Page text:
One of Texas’ issues that plagued the football program during its fall following the 2009 BCS title game run was a feeling of entitlement among the players.
New Texas receiver Jacorey Warrick is currently working back from tearing his meniscus in October.
Many in and around the program — head coach Mack Brown included — have admitted that there was a culture of players who were just content to be wearing a Longhorns jersey every Saturday.
While there’s been a lot said about Texas’ 15-man recruiting class that signed on Wednesday, one thing that hasn’t been said is how entitlement shouldn’t be an issue with this group.
These signees have been through too much to sit back and be content with simply being a Longhorn.
One of the hardships this class has faced is injury. Houston Cypress Falls wide receiver Jacorey Warrick (knee), Harker Heights offensive lineman Darius James (foot), Houston Cypress Woods linebacker Deoundrei Davis (knee) and Cibolo Steele safety Erik Huhn (knee) all had their senior seasons ended by injury. The same thing happened to Bastrop cornerback Antwuan Davis (back) his during his junior season.
Any time an athlete deals with an injury, there’s a question as to whether or not they’ll be the same. Warrick, who was cleared to start running again in late January after tearing his meniscus in October, is ready to prove that he’s still an explosive playmaker with the ball in his hands.
“There was a little doubt that crept in because I’ve never dealt with a major injury,” Warrick said. “I’m doing my best to break through that wall. Now I feel like I’m going to come back better and refreshed. I’ll be better than I was before.”
Antwuan Davis came back from his back injury with a strong senior season and subsequent strong showing in the U.S. Army All-American Bowl. James returned from a broken foot in time to play in the Knights’ playoff game against DeSoto and start at left tackle in the Under Armour All-America Game.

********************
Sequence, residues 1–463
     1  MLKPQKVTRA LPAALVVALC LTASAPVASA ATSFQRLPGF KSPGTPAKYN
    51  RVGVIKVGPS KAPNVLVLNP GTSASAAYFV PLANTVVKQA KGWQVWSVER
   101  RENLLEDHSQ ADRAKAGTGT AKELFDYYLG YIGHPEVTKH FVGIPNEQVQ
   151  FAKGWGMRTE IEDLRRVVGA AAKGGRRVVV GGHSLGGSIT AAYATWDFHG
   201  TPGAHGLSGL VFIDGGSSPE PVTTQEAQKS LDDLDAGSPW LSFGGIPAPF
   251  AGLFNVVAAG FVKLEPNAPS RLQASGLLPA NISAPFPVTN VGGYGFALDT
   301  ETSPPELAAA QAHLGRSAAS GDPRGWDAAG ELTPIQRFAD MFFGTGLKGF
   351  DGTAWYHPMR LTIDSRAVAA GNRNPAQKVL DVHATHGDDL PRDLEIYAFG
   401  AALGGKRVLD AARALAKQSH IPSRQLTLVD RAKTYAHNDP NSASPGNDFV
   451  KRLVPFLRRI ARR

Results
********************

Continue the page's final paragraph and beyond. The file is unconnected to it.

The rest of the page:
Deoundrei Davis will be rehabbing his torn ACL on the Texas campus this spring after enrolling at midterm. Like the rest of his classmates, he is determined to show that an injury doesn’t mean he won’t be able to reach his ultimate apex as a Longhorn.
“This injury has humbled me, but it made me hungry,” Davis said. “I want to work double time to get back and be better than I was.”
It’s more than injuries that should give Texas fans hope that these 15 signees are a group that, top to bottom, is willing to pay the price to get the Longhorns back in contention for BCS bowls and Big 12 championships.
Whitewright quarterback Tyrone Swoopes will try to shed the label that he’s an athlete wasting his time trying to be a quarterback. Any time a program adds junior college prospects like Texas did with offensive tackle Desmond Harrison and tight end Geoff Swaim, they tend to do whatever it takes to show that they’re more than just spare parts forced to go the JUCO route to get to play FBS football.
Harker Heights linebacker Naashon Hughes didn’t even have a full offer until he made his official visit in December. His grayshirt offer became a regular offer after Hughes put together the kind of senior season the Texas staff wanted to see, which the Texas coaches told him he had to do in order to earn that offer.
“I’m still proving to the coaches that I’m worthy of the scholarship,” Hughes said. “You always have to show you’re worth it. Your scholarship is renewable every year, so I have to show that I’m worth it so that I can keep my spot.”
James, who has dealt with the passing of the grandmother — who raised him — and then a broken foot (twice), uses everything he’s been through to fuel him to strive for bigger and better things.
“Everything I’ve been through has really given me a lot to put in my heart,” James said. “(It’s) given me more reasons why I need to push myself to make it in life.”
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